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You will not need an emergency travel document.

First, the US does not have a single concept of "legal sex". Your friend's old passport will be accepted as long as it is valid, although they may have problems if their legal name does not match their passport.

Changing name and gender are two separate processes in the US. In order to change their name, your friend will have to request a name change through a court in their US residence. In order to change their sex listed on their passport, they will have to follow the process the state department has defined, which does not require surgery. This is separate of every other legal gender change process, including birth certificate, driver's license, and employment.

Finally, their gender, and what pronouns you should use for them, is not defined by their genitalia. You should use the pronouns your friend has asked you to use at all times, and not make up your own rules.

Source: personal experience. I traveled to the EU presenting female with the wrong gender and old name on my passport, and have since had experience going to several countries with my updated passport in my new name and with female on my passport.

  • My concern is more the mismatch of the official gender (male) with what my friend will look like after the surgeries (breasts, etc) and the difference in appearance -- im not 100% on the types of plastic surgeries but I am led to understand there will be some differences. I'm aware of the separate processes regarding name and gender change; I was more concerned about the radical appearance change and possibly the documented gender mismatch. However thank you for sharing your experiences. – Roddy of the Frozen Peas Feb 26 at 3:46
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    Border officers will first notice face, and will not notice genetalia (or at least shouldn't. I don't know what surgeries your friend is getting). Although travel can be more difficult with incorrect documents, your friend should not have too many problems. They may want to bring a doctor's letter or information about your plans when entering Thailand though. – Artemis Tosini Feb 26 at 4:28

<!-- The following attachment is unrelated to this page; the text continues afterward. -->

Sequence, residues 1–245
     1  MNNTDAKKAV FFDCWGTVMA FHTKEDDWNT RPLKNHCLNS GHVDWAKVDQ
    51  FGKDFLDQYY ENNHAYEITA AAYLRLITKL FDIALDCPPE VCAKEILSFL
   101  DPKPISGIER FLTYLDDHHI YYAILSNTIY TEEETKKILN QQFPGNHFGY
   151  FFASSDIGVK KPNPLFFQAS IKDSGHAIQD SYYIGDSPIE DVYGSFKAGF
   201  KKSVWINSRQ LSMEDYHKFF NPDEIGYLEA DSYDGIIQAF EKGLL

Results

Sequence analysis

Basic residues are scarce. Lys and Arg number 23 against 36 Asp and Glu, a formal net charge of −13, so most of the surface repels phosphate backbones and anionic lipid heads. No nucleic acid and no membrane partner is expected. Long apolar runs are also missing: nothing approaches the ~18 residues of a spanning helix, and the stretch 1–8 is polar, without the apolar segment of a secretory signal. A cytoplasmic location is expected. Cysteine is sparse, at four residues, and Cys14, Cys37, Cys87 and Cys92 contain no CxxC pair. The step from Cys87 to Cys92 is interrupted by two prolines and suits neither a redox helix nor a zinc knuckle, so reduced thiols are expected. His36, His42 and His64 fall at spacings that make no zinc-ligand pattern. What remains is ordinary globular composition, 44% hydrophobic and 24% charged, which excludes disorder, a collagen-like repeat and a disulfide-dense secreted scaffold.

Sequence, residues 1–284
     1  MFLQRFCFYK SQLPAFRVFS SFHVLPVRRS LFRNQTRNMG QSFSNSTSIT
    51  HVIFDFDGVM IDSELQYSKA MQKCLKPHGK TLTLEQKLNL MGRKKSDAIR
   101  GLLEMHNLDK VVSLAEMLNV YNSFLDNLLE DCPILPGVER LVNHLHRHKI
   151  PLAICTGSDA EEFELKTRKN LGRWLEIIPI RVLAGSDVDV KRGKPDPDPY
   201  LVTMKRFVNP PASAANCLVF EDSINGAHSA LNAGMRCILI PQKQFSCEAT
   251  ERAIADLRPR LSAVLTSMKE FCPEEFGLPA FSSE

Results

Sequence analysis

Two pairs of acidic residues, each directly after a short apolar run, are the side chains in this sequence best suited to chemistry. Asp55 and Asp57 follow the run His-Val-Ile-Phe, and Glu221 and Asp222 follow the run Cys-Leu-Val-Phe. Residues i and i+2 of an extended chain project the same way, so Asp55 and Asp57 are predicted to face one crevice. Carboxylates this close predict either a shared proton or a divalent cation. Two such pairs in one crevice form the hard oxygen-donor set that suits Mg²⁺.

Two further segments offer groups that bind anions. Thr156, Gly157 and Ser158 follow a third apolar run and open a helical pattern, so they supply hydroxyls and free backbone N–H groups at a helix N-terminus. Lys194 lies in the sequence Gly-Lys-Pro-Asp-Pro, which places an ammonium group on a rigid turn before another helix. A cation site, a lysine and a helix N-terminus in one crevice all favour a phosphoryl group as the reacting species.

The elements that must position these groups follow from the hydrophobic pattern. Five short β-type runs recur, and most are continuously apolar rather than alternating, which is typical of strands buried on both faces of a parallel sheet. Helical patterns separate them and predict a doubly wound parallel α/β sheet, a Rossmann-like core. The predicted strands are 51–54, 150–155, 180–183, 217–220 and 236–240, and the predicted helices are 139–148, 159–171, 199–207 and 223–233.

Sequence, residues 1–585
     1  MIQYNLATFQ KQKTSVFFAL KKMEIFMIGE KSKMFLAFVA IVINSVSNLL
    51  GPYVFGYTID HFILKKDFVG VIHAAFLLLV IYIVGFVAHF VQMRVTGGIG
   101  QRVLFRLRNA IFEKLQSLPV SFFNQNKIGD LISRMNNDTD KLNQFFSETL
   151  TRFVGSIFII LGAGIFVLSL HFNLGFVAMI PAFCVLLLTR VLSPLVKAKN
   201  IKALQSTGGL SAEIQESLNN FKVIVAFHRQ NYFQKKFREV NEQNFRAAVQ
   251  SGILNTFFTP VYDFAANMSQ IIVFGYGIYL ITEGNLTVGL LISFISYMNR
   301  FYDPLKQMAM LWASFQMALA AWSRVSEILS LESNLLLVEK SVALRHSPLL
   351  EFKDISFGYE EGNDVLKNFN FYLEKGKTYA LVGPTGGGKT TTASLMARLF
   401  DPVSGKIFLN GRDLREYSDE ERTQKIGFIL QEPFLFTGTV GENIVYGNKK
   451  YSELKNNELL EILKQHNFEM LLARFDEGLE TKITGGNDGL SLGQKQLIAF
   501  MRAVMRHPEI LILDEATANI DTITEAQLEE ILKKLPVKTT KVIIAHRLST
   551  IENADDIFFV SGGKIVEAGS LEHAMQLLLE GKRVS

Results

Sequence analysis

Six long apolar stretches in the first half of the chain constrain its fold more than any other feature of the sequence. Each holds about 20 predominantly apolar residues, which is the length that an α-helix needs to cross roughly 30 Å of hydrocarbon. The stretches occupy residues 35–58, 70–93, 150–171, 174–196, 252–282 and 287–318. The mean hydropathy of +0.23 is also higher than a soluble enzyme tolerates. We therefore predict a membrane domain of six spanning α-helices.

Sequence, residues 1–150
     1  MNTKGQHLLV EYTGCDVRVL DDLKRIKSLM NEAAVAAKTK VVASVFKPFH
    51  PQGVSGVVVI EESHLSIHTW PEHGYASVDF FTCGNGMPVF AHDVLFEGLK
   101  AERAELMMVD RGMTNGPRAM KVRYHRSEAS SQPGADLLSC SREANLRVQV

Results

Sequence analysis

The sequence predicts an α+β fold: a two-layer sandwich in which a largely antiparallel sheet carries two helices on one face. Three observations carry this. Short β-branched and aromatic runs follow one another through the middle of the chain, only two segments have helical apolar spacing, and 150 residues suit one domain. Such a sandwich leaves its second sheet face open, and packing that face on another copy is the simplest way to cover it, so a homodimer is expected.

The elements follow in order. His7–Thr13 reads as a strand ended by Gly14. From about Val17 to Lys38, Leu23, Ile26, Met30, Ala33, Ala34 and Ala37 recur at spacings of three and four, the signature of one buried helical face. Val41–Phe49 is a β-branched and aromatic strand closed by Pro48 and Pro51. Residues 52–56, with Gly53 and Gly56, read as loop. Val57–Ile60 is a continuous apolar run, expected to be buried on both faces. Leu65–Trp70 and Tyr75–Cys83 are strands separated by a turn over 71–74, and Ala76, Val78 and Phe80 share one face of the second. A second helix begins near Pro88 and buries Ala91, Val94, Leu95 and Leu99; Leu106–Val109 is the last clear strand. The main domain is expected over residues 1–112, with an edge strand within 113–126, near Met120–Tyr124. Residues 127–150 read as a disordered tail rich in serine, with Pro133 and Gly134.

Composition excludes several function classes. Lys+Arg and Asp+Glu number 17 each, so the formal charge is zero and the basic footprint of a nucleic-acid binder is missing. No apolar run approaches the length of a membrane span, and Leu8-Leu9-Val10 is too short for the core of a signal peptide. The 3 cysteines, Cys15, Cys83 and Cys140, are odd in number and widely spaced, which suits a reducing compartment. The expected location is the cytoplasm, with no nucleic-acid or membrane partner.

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Let's see this: Do I need a new photo if my appearance has changed in the passport photo section of the travel.state.gov site. The answer is as follows:

Only if your appearance has significantly changed from what is in your current passport. Growing a beard or coloring your hair would not constitute a significant change. If you can still be identified from the photo in your current passport, you do not need to apply for a new passport.

You may have to apply for a new passport if you have:

Undergone significant facial surgery or trauma
Added or removed numerous/large facial piercings or tattoos
Undergone a significant amount of weight loss or gain
Made a gender transition


My own interpreation is "As long as you still can be identified from the photo in your current passport after gender transition you are fine." My understanding is that unless you do actual facial surgery, a gender transition will not change your face significantly from one minute to the next. That'd be extremely weird, wouldn't it? Sudden face changes happen in movies but in real life, not so much.

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    Gender transitions often include facial feminisation surgery. The change can be fairly radical. – patstew Feb 26 at 15:49
  • Thank you for your response. That part of the State department's website was actually what prompted this question, the fact that they explicitly call out "made a gender transition" in the criteria under "you may have to apply...." It is my understanding that the border control officers are trained to look past superficial changes (hair, etc) to consider the underlying structure of the face, but the facial reconstruction surgeries that change one's appearance to be more 'feminine' is what I was concerned about. (Admittedly, I'm no expert in that sort of thing either...) – Roddy of the Frozen Peas Feb 26 at 16:44